Date Presented:18-20 Sept.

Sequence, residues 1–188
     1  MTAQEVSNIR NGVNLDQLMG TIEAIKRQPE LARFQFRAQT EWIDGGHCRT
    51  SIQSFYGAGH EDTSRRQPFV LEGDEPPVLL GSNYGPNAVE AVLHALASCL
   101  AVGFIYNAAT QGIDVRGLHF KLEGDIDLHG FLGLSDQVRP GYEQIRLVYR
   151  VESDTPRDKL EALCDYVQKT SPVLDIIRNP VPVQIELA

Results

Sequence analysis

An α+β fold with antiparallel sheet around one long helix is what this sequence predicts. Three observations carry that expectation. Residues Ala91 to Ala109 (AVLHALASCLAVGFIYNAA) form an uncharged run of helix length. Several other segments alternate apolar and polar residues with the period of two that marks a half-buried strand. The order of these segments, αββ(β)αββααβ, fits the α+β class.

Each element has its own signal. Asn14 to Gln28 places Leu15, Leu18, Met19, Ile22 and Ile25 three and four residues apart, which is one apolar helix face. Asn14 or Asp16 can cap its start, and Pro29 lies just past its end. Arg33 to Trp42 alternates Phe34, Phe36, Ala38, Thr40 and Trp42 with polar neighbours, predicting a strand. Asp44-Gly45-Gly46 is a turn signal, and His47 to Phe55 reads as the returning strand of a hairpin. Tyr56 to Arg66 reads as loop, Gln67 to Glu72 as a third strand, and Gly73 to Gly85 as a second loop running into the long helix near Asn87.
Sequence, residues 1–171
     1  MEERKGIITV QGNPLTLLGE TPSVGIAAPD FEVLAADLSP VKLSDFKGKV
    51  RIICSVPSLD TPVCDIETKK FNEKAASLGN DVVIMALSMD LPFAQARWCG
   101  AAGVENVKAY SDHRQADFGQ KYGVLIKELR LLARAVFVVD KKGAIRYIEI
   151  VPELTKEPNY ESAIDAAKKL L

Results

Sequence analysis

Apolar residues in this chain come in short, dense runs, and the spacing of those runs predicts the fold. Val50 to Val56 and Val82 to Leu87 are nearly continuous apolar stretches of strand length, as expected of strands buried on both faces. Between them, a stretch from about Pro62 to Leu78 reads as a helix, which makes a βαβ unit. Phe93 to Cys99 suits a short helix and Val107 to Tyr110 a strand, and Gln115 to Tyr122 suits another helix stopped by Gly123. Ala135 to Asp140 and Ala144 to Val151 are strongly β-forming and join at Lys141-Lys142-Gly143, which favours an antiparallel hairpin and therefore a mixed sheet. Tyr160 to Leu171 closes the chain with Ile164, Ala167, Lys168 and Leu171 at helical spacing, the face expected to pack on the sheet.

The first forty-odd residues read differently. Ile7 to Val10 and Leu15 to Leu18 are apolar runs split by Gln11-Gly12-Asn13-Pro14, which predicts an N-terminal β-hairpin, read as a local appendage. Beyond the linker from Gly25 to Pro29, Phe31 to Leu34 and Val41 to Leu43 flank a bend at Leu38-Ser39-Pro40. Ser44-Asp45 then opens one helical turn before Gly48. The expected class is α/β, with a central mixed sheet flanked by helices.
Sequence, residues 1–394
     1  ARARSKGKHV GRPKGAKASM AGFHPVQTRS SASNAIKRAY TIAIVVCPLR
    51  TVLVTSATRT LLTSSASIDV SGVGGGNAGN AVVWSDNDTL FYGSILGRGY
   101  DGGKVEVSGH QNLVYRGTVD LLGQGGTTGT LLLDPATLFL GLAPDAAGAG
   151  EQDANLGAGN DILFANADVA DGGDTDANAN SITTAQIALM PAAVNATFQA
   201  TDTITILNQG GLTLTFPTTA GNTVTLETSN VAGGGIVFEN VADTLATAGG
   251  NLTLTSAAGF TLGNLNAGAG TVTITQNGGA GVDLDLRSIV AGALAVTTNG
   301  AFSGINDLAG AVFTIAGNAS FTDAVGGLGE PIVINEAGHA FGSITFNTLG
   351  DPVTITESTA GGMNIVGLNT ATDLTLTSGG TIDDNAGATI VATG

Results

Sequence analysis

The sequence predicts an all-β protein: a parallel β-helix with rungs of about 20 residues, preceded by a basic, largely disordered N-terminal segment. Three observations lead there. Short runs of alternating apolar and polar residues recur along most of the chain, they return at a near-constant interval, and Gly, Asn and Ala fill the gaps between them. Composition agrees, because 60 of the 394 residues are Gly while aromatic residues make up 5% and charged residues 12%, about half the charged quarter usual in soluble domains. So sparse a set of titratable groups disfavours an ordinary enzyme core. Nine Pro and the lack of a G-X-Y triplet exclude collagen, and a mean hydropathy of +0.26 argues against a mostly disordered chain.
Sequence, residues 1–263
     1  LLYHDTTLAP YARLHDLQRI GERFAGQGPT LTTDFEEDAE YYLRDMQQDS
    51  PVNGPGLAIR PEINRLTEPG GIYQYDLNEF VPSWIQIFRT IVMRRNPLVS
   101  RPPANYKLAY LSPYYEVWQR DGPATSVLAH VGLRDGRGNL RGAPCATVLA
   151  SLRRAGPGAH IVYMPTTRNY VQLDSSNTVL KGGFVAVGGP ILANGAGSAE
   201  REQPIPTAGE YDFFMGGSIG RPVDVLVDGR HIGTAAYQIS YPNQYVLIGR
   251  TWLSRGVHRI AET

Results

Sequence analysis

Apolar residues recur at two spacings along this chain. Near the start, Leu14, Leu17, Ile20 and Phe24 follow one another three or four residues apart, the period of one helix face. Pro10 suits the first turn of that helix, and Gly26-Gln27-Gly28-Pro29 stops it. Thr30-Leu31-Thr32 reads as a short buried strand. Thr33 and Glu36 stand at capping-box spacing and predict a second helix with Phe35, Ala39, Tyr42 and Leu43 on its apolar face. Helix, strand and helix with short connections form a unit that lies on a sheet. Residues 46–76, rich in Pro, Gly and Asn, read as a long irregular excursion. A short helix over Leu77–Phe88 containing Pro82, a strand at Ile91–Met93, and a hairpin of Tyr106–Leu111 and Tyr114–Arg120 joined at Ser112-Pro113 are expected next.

The transition from the Bronze Age to the Iron Age (LH IIIB-C) in the eastern Mediterranean, Aegean, and Near East was marked by the destruction of empires and the migratory movement of populations. This time of upheaval was also marked by a change in the iconography of warriors and warfare, particularly in Egypt and in the Aegean world, including the first representations of true naval combat. Warriors in feathered headdresses, never before seen in Helladic or Egyptian art, are shown on Aegean pottery and in Egyptian relief taking part in battles on both land and sea, and the Helladic oared galley (Wedde’s Type V) makes its first appearance at this time as an instrument of naval warfare. This paper investigates these earliest representations of naval combat, with a special emphasis on the appearance and employment of new maritime technology and its effect on naval warfare. Also considered are what changes in fighting, if any, had to be made in order to adapt to this early form of ship-based combat.